Ford EcoBoost Daytona Prototype to race in 2014 Daytona

Ford has unveiled its latest project to adopt the ‘EcoBoost’ nomenclature. Meet the EcoBoost Daytona Prototype, which will compete in the 2014 Rolex 24 Hours of Daytona race. The engine powering the prototype will also compete in the full 12-race TUDOR United SportsCar Championship series next year.

2014 Ford EcoBoost Daytona Prototype

Featuring obvious ‘EcoBoost’ decals, the new car is prepared to boost branding awareness for Ford’s latest technical philosophy. It is powered by an EcoBoost engine too, which further reiterates the company’s commitment in honing efficient yet powerful engines.

The Daytona Prototype uses a 3.5-litre EcoBoost V6 racing engine using direct injection and turbocharging technology. Specific outputs haven’t been mentioned, however, the engine will compete along side many high-powered V8s in the series. Jamie Allison, director at Ford Racing, recently said,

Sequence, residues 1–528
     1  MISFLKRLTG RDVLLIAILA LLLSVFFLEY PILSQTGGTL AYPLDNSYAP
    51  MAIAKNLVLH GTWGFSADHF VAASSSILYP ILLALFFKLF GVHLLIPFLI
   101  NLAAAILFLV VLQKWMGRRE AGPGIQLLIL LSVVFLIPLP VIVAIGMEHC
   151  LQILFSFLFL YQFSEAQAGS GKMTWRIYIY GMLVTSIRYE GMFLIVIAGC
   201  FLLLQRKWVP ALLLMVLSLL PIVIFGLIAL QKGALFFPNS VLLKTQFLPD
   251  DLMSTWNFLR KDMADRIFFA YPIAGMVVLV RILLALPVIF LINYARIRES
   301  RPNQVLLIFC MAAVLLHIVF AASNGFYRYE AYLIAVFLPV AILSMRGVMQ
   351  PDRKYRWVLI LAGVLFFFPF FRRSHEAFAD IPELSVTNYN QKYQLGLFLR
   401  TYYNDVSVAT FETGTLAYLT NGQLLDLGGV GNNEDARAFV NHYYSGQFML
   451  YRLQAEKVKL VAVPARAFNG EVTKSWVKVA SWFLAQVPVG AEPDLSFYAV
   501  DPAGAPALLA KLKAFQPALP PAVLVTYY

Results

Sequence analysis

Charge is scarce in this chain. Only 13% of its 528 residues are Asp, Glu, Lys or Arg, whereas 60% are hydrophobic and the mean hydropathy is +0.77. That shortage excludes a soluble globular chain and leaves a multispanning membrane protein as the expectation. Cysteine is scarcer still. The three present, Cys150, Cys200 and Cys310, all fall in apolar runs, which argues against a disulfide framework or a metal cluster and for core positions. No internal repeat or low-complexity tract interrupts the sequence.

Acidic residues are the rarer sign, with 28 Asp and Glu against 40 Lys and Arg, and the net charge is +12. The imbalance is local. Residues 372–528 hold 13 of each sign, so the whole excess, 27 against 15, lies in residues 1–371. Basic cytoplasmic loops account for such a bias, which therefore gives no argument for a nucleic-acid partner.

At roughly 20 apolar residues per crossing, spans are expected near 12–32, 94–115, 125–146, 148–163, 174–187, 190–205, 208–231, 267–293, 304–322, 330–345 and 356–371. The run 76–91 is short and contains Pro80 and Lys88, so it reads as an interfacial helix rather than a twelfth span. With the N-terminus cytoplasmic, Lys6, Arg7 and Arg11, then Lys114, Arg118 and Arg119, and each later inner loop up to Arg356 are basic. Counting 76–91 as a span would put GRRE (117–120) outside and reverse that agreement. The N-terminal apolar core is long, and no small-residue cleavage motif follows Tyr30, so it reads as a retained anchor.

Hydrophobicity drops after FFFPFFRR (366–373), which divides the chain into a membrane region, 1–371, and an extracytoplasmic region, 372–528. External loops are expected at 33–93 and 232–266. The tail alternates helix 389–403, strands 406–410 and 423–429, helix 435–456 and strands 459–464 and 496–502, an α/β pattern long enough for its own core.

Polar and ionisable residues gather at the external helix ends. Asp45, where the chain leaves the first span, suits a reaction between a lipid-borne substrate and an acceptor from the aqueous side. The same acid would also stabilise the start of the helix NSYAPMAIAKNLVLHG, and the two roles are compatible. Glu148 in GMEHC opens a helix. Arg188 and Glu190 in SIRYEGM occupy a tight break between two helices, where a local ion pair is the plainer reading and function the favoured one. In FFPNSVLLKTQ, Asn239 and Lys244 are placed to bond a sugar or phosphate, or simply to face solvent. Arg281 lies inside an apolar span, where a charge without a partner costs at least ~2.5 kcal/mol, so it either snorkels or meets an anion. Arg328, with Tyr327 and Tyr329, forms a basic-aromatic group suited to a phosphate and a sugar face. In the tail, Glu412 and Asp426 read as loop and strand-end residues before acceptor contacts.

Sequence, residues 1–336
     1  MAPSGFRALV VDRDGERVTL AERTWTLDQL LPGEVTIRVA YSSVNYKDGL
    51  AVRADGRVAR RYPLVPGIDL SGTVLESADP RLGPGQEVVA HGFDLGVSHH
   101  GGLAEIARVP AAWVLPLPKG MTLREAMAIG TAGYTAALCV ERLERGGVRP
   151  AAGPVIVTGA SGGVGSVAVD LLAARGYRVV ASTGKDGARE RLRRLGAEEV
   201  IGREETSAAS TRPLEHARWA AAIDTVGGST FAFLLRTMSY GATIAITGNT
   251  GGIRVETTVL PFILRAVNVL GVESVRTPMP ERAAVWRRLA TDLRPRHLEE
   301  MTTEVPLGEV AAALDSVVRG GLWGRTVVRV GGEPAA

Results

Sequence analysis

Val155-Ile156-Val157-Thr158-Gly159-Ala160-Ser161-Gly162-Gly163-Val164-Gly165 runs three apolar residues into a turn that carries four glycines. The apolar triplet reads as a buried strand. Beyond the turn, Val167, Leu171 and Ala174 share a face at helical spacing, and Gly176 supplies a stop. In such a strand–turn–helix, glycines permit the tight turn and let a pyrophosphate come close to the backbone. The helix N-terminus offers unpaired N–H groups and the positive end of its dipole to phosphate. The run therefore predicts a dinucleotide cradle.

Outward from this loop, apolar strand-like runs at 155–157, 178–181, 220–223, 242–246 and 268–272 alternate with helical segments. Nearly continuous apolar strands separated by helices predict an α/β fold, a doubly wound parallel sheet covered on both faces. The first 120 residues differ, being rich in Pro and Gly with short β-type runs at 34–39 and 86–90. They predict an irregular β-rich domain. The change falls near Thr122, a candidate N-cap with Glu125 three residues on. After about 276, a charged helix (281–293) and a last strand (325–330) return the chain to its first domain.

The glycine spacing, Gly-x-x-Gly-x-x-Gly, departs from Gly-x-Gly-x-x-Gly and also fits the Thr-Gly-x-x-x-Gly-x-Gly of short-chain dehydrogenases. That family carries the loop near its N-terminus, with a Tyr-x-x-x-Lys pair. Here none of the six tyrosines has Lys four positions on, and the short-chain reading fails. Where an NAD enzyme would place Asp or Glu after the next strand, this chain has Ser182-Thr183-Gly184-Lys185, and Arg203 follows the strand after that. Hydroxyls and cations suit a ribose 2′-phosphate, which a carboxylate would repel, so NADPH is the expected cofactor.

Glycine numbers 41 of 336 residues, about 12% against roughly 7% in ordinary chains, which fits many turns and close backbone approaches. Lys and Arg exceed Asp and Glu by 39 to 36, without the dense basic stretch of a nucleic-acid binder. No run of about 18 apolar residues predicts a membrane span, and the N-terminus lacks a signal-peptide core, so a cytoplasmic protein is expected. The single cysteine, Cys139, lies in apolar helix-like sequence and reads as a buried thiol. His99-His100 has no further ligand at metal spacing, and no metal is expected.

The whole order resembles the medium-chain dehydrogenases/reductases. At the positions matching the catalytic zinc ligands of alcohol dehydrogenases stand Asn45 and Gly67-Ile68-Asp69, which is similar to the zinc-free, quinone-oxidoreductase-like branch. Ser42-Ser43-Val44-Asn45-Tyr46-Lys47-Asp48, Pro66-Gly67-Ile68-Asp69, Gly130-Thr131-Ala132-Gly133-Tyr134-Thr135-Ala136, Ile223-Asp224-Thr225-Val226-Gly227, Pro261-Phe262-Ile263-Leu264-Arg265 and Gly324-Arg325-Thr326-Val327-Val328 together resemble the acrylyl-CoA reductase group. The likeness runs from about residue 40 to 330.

“At Ford Racing, we really put great emphasis on racing production-based vehicle as well as production-based technologies. We’re proud to bring a direct-injected, twin-turbo 3.5-liter V6 EcoBoost engine to the United SportsCar Championship in a field of competitive V8-powered entries. We want to show Ford EcoBoost’s capabilities as an engine that provides both performance and fuel economy, on and off the track.”

Later this month, the team – consisting of Michael Shank Racing, Ford Racing, and Continental tyres – plans to break the track speed record at the ‘World Centre of Speed’ at Daytona by pushing beyond 338.548km/h. They hope to surpass the speed, which was achieved in 1987 by Bill Elliot in his Ford Thunderbird. Practice attempts will take place on October 9.

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2014 Ford EcoBoost Daytona Prototype engine

Brett is the editor and founder of PerformanceDrive. He's obsessed with driving, having played with Matchbox cars until he was tall enough to drive a real one. After initially working as a mechanic, Brett earned a degree in journalism and entered media as an editorial assistant at Top Gear Australia magazine. He then worked at CarAdvice. His dream is to live next door to the Nurburgring in Germany.